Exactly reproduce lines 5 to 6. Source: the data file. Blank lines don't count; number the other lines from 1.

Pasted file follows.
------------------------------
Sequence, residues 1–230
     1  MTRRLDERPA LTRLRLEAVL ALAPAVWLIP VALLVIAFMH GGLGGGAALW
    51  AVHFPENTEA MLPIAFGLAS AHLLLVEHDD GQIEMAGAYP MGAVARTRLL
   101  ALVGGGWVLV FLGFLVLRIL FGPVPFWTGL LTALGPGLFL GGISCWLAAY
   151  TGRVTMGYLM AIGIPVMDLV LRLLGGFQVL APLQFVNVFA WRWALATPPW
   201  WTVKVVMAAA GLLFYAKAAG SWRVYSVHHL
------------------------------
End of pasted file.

   151  TGRVTMGYLM AIGIPVMDLV LRLLGGFQVL APLQFVNVFA WRWALATPPW
   201  WTVKVVMAAA GLLFYAKAAG SWRVYSVHHL